• Challenges around 999 and 101 performances were noted. It was accepted that this is a national issue with unprecedented demand.

Use of powers and Public Treatment


  • Some areas of improvement were raised.
  • HMI recognised the forces intentions to deliver bespoke unconscious bias training. This has now commenced.
  • The Commissioner asked about softer skills including communication given that must of the workforce is so young.
  • CR advised this will be linked to a request for additional investment in L&D later this year, as an investment proposal during the budget setting process.
  • There was a discussion on scrutiny panels. Work in progress with ACC Tuckley who is comfortable with the plan.

 Preventing and deterring Crime, ASB and Vulnerability.


  • CR confirmed the Force is performing well and have been building on existing good performance in this area of PEEL.
  • In the last grading there was an AFI for problem solving.
  • CR advised this has now moved on with the introduction of the Observatory.
  • The Commissioner asked if there were any areas that the Force were concerned about. He was particularly interested in the wider crime prevention approach regarding youth crime, knife crime and neighbourhood crime.
  • CR confirmed FMS truly use partnership data and think further ahead than other forces and have strong strategic partnerships with other agencies to tackle these issues.
  • The Force has also received positive feedback on its problem-solving capability due to the investments made.
  • CR confirmed this includes the early intervention and diversionary opportunities provided to young people via CIRV, preventing further criminality.

Responding to the Public


  • Work continues to build on the progress made in Q1 particularly in the FCR.
  • The Force has delivered strong performance across its VSA and Call handlers for their THRIVE risk assessment.
  • Good practice has been demonstrated vis the IDVA service and Op Motto.


Investigating Crime


  • CR confirmed there was disappointment with the grading the Force received in 2021 but is confident of a really strong performance this time.
  • There was a discussion about Response workloads however CR confirmed that the Force were able to demonstrate to HMI that these are manageable.
  • Should an AFI be raised CR confirmed the Force will challenge as 72% of Response officers are carrying between 9 or 10 crimes.
  • The CJ Centre of Excellence was highlighted as good practice and the Force is ranked first for DGA compliance.

Protecting Vulnerable People.


  • PVP has previously been a challenge for the Force however HMICFRS noted the improvements to governance and performance management through the strategic Vulnerability Board.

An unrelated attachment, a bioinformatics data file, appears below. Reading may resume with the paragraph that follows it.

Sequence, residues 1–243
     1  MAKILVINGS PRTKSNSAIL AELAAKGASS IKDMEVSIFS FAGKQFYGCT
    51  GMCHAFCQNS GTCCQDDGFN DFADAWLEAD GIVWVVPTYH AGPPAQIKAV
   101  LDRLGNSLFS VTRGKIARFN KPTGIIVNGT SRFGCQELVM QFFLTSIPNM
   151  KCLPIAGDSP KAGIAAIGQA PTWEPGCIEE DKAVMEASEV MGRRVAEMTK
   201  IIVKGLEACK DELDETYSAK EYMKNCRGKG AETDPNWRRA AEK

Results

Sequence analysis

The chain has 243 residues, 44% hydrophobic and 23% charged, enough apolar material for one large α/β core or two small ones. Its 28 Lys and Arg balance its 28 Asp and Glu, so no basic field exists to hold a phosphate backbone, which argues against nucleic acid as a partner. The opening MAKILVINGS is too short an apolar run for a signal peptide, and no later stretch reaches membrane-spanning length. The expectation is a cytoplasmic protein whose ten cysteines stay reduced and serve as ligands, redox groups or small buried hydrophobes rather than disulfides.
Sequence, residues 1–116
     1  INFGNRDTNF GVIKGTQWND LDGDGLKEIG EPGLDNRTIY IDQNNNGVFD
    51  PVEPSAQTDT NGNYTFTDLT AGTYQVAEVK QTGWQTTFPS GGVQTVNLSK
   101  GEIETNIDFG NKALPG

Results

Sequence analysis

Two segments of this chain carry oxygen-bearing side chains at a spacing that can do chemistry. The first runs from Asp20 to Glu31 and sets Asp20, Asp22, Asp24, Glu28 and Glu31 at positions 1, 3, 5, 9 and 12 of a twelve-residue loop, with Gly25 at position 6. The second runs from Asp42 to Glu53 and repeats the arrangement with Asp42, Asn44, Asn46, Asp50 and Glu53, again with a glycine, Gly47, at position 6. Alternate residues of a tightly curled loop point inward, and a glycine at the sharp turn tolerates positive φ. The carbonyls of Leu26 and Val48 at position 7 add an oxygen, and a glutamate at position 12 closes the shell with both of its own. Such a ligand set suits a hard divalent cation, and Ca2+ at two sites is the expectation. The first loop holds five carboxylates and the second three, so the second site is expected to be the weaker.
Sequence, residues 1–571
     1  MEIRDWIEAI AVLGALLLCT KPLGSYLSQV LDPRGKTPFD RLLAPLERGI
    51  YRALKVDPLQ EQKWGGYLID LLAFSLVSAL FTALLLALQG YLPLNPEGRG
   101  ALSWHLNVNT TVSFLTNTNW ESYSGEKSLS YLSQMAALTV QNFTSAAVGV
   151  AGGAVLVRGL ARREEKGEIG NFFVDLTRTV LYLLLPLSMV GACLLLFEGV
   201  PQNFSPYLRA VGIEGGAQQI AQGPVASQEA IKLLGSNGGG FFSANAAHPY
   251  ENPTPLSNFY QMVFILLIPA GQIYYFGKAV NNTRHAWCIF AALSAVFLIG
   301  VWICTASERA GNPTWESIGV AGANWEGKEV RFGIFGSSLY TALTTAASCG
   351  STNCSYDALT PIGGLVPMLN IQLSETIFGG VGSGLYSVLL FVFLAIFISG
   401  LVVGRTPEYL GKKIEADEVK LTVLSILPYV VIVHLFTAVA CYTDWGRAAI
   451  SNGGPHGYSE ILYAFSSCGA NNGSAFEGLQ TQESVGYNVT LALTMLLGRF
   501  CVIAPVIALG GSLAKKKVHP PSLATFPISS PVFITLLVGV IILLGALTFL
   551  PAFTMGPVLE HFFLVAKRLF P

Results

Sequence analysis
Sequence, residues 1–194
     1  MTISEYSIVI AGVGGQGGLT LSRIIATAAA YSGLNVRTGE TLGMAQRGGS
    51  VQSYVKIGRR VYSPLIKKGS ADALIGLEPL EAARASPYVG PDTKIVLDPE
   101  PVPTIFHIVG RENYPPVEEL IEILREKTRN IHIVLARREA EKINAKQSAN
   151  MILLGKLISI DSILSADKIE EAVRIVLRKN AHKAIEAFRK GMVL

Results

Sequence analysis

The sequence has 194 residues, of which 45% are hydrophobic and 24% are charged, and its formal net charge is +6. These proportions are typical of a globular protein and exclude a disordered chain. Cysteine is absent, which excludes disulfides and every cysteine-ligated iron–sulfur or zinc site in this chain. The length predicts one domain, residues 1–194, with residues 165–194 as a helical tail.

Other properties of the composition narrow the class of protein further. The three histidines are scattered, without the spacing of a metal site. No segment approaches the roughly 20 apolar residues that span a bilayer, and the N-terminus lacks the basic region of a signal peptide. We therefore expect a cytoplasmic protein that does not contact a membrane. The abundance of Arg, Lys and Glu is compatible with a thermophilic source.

• Inspectors commended the MASH and its effectiveness.
  • Investments that the Commissioner has made into welfare was specifically mentioned.
  • Attendance at MARAC could improve.

Managing Offenders and Suspects.


  • CR confirmed that the Force continue to maintain a strong performance.
  • Managing offenders in custody is graded as good.
  • HMI noted good structure and supervision.


Supporting the workforce and Leadership and Force Management.


  • CR advised that wellbeing of our people was positive.
  • PDR processes could be improved, and some officers felt under-supported in training.
  • The Commissioner commented that L&D is an area that could move the Force from good to great with supportive learning being key.
  • The investment in clinical supervision given how difficult some of the specialist roles was acknowledged.
  • Occupational health good practice and HMI recognised that this was brought in-house as support was not as effective when offered at a regional level.
  • It was acknowledged that lots of work is being done to further improve culture.
  • The Force will be in top quarter for having a representative workforce.


Assurance statement


The Commissioner had requested this paper from the Chief Constable, to provide an early assessment following the recent HMICFRS PEEL inspection of Northamptonshire Police. It was reported that the initial part of the inspection, relating to the victim’s journey and crime data integrity had been positive and reassurance had been provided by HMICFRS at the debrief about what they had seen.

 Some issues had been identified relating to confidence in officers use of stop and search powers that would be further explored and some issues relating to domestic abuse investigation allocation, but these had either already been resolved or were a part of the end-to-end review of DA that had been commissioned.

 Additional positive aspects highlighted were the identification of vulnerability in the Force control room, good use of partnership data and work in prevention and intervention, the accelerated detective programme, and the criminal justice centre of excellence approach.

 The Commissioner was assured by the information from the initial debrief and looked forward to seeing the final report.





  • There was a discussion about probationary constables not feeling supported by tutors.
  • Given the Uplift, both the Commissioner and A/Chief Constable considered it was timely that the structure that sits behind the training process is reviewed to ensure it is fit for purpose.